by Mark R
I think Nintendo made the right move when they traded a multiple button joystick for the motion-controlled Wiimote. I can testify that the Wiimote makes gaming an exciting experience, and it looks like more companies want to get in on the motion-controlled action.
One such company is the Motus Corporation, who has created a motion-based control for non-game functions such as the PC. I’m guessing that a user can use it like a mouse without a pad. The controller is called the Darwin, and it doesn’t look like it will win that award anytime soon.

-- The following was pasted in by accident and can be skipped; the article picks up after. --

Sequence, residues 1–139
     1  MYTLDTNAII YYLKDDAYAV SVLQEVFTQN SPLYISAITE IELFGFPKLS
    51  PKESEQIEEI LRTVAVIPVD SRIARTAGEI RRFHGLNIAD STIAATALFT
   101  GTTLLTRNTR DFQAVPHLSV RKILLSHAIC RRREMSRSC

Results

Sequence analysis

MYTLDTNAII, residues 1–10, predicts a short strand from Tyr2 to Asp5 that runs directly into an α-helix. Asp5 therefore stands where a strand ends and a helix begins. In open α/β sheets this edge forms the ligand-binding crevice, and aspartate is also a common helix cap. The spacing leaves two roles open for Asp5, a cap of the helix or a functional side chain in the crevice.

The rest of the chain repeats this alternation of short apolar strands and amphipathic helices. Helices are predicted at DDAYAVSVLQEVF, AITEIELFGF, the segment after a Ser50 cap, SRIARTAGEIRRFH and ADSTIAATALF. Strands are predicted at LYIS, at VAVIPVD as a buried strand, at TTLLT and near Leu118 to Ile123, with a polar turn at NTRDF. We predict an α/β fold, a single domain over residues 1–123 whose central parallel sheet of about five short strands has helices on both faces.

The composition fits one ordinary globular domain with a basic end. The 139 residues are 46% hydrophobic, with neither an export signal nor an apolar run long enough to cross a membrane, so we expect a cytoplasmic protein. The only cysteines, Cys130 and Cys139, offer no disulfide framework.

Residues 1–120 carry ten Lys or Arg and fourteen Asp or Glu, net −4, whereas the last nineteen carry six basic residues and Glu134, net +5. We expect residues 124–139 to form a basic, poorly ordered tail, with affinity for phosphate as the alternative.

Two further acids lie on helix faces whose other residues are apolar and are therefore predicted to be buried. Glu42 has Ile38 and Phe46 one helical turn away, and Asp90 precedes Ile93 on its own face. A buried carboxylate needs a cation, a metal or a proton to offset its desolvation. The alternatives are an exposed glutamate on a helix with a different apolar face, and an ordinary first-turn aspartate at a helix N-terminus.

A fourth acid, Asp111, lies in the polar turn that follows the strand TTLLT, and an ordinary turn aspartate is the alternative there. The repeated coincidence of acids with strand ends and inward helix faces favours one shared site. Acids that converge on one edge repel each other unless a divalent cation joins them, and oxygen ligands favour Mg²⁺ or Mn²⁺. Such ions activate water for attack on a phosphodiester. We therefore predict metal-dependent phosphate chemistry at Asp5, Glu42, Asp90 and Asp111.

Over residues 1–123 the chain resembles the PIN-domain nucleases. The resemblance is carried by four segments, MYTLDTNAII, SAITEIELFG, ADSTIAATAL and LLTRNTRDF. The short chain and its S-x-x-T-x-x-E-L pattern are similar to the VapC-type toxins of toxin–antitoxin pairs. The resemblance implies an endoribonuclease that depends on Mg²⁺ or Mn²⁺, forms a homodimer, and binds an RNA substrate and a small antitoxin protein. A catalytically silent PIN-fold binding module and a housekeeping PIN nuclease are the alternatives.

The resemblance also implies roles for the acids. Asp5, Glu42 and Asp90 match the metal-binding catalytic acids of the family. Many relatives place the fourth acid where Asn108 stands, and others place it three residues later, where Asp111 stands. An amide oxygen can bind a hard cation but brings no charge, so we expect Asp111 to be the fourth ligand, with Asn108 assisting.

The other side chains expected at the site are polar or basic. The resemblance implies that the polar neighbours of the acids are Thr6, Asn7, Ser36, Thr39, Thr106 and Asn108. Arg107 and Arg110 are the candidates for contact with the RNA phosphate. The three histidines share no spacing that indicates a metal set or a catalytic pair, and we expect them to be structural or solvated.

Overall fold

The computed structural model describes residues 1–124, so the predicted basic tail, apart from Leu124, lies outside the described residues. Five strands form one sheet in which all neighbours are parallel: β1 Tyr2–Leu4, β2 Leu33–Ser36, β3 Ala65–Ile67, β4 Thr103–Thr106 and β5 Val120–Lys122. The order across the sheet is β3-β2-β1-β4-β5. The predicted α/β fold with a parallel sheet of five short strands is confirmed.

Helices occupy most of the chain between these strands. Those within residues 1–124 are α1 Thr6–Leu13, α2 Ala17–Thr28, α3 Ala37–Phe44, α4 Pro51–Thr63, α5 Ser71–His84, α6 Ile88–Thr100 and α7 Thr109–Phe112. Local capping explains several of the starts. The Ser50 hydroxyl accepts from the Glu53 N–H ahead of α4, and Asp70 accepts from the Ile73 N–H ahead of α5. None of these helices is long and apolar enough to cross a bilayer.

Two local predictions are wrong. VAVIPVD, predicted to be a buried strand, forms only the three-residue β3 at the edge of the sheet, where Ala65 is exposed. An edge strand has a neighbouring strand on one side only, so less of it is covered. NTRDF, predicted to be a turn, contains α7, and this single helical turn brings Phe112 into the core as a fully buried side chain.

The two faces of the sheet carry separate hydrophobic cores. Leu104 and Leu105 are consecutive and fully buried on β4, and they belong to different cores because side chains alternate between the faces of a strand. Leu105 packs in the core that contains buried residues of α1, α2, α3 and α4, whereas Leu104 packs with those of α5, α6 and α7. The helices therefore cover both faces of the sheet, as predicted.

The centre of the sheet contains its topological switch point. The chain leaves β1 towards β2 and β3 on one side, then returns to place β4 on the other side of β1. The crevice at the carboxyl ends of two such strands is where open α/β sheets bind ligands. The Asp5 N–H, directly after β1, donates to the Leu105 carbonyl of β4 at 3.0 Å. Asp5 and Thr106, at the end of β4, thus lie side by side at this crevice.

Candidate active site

The Motus Darwin differs from the Nintendo Wiimote in how it functions. The Wiimote determines its position with the infrared sensor, but the Motus Darwin uses gyroscopes and accelerometers to track its position in respect to the earth itself. Motus has experience making motion-control systems including the iClub, a device to help golfers improve their golf swing.
I believe that the Motus Darwin is designed after a samurai sword, but I don’t see the resemblance. I am guessing it is the shape, but lacks the friction of the grip.
The Motus Darwin is slated for release this fall. If the technology catches on, you will see a lot of imitators as people use their motion-controlled mice everywhere.